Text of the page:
Warren Buffet takes the plunge

I was wired at birth to allocate capital and was lucky enough to have people around me early on – my parents and teachers and Susie – who helped me to make the most of that.

Warren Buffett

It’s presumably in the papers and I’ve missed it, or it’s a hoax but courtesy of slashdot – this is what Wikipedia says.

Buffett announced in June that he will give away 85% of his more than $40 billion fortune to five foundations in annual gifts of stock starting in July 2006. The largest contribution will go to the Bill and Melinda Gates Foundation


I was completely smitten by Warren Buffett when I read a book on him a year or so ago and learned about his investment philosophy and practice – which is like a Norman Rockwell painting. He lives in a half million dollar house in Omaha and his entire operation is run by around 20 odd people.

I think of him as an embodiment of Adam Smith’s ideas about the promise of capitalism – of the importance of purpose, perseverence, talent and integrity in building a prosperous, co-operative and happy world.

In 1979 he was worth $140 million and lived entirely off his salary of $50,000. So living out Carnegie’s great line ‘a man who dies rich dies disgraced’ makes perfect sense.

I had lunch with an investment manager a couple of months ago who argued that Buffett was a good guy, but he hadn’t given much to charity like some of his heroes.

Well, now he has.

I remember thinking in my dismal way that if he was going to give money away, the best favour he could do the beneficiaries was to look after the money till he was near gone, as he could turn it into more money at a remarkable rate. Turns out he had the same thought.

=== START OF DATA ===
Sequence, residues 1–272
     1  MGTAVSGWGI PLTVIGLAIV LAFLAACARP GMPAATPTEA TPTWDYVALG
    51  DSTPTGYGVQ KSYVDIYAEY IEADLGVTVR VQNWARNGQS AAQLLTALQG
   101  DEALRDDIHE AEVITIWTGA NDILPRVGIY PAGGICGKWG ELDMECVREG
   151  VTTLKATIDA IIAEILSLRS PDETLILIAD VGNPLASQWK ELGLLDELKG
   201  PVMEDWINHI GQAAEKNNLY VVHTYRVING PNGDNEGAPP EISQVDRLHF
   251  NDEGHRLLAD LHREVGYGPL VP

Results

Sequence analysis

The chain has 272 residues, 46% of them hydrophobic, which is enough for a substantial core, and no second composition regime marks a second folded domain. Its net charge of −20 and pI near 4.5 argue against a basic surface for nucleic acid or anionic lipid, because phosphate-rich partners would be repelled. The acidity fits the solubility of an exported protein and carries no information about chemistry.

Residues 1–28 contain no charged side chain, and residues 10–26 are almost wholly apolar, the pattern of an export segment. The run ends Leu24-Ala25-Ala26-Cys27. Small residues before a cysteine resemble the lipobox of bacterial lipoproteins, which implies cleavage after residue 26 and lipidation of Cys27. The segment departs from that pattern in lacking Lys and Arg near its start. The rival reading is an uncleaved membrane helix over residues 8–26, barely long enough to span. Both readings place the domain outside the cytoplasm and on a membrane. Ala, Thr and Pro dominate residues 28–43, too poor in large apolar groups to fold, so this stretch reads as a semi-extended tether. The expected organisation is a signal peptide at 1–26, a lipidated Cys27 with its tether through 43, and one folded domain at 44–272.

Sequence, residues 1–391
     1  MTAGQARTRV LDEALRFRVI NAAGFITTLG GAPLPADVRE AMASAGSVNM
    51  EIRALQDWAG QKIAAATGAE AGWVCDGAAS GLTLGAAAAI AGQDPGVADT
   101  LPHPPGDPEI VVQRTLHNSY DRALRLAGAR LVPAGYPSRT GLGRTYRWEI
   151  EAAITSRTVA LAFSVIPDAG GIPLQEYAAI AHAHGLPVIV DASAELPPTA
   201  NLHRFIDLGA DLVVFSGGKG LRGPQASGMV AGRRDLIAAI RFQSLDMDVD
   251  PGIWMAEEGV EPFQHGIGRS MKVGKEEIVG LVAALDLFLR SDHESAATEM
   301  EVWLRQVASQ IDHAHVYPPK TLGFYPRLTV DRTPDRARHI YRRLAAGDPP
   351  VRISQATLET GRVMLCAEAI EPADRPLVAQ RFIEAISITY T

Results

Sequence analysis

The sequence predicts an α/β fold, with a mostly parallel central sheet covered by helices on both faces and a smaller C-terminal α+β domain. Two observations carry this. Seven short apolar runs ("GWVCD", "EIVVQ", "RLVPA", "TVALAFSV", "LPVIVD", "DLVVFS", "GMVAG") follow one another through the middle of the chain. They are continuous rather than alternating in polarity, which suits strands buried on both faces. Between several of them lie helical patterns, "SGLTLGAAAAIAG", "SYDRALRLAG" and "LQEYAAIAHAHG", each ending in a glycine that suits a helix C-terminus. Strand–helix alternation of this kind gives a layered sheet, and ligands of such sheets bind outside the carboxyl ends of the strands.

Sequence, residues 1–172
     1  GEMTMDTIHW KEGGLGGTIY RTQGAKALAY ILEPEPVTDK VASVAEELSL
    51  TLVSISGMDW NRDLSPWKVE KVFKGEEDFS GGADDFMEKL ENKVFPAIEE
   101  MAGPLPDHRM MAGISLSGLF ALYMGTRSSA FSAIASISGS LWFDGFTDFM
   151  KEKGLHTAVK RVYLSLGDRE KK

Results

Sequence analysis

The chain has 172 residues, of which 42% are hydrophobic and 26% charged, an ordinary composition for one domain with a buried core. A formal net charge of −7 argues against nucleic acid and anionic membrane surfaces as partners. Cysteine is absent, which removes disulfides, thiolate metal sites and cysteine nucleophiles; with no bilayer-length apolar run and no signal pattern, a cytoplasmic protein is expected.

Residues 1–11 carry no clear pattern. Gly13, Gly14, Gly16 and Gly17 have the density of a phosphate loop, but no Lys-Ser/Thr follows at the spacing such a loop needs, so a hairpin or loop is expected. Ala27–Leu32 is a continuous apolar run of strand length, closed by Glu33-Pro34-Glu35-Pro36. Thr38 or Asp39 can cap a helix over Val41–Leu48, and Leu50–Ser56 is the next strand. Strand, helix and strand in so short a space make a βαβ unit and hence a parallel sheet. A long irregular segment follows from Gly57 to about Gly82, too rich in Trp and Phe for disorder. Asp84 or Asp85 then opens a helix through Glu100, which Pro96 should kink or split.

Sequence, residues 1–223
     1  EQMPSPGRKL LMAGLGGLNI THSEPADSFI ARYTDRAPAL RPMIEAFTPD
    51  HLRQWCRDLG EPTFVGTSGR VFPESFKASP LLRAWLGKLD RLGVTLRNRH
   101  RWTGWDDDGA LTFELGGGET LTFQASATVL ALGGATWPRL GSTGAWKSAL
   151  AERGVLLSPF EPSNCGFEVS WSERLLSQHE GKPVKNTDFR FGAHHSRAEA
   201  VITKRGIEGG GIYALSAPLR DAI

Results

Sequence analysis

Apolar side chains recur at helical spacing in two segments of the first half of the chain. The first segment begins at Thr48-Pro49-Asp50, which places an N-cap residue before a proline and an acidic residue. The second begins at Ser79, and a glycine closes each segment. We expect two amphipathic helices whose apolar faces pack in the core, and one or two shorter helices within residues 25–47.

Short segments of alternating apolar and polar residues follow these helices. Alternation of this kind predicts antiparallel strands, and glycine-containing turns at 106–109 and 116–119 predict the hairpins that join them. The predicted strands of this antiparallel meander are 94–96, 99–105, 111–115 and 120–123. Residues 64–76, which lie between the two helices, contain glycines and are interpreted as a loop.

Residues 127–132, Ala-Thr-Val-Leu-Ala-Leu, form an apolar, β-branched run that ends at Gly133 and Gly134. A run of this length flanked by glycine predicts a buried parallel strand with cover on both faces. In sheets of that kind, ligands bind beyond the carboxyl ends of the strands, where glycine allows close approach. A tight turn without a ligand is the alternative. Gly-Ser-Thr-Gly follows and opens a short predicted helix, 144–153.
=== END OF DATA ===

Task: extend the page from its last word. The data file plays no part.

I always had the idea that philanthropy was important today, but would be equally important in one year, ten years, 20 years, and the future generally.

And someone who was compounding money at a high rate, I thought, was the better party to be taking care of the philanthropy that was to be done 20 years out, while the people compounding at a lower rate should logically take care of the current philanthropy.

Read the full interview – it’s typical, marvellous Buffett.

  1. It’s true and written up at greater detail in Fortune Magazine. NG[]
This entry was posted in Miscellaneous, Uncategorised. Bookmark the permalink.
Notify of

Newest Most Voted
Inline Feedbacks
View all comments
17 years ago

It’s easier for a rich man to enter through the eye of a needle etc.

I never impressed with such charity especially when a man in he position could have been more active throuhout his life. I don’t know what he has or has not done but when you consider the potential of his influence it would have been a hell of a lot more if he started earlier.

Having said that, it is fantastic that he is in the spotlight now doing something that will influence others

17 years ago

sorry about the poor grammer & spelling

Rugby Fan Steve
17 years ago

Rugby players spend a lot of time physical training Compared to other form of sports.I have read the
Rugby laws mentioned on this site. It’s a gripping sport which targets the grip strength and the active mindedness of a player. American football and rugby league are also primarily collision sports, but their tackles tend to terminate much more quickly. For professional rugby, players are often chosen on the basis of their size and apparent strength and they develop the skill and power over the passage of time. In modern rugby considerable attention is given to fitness and aerobic conditioning as well as basic weight training.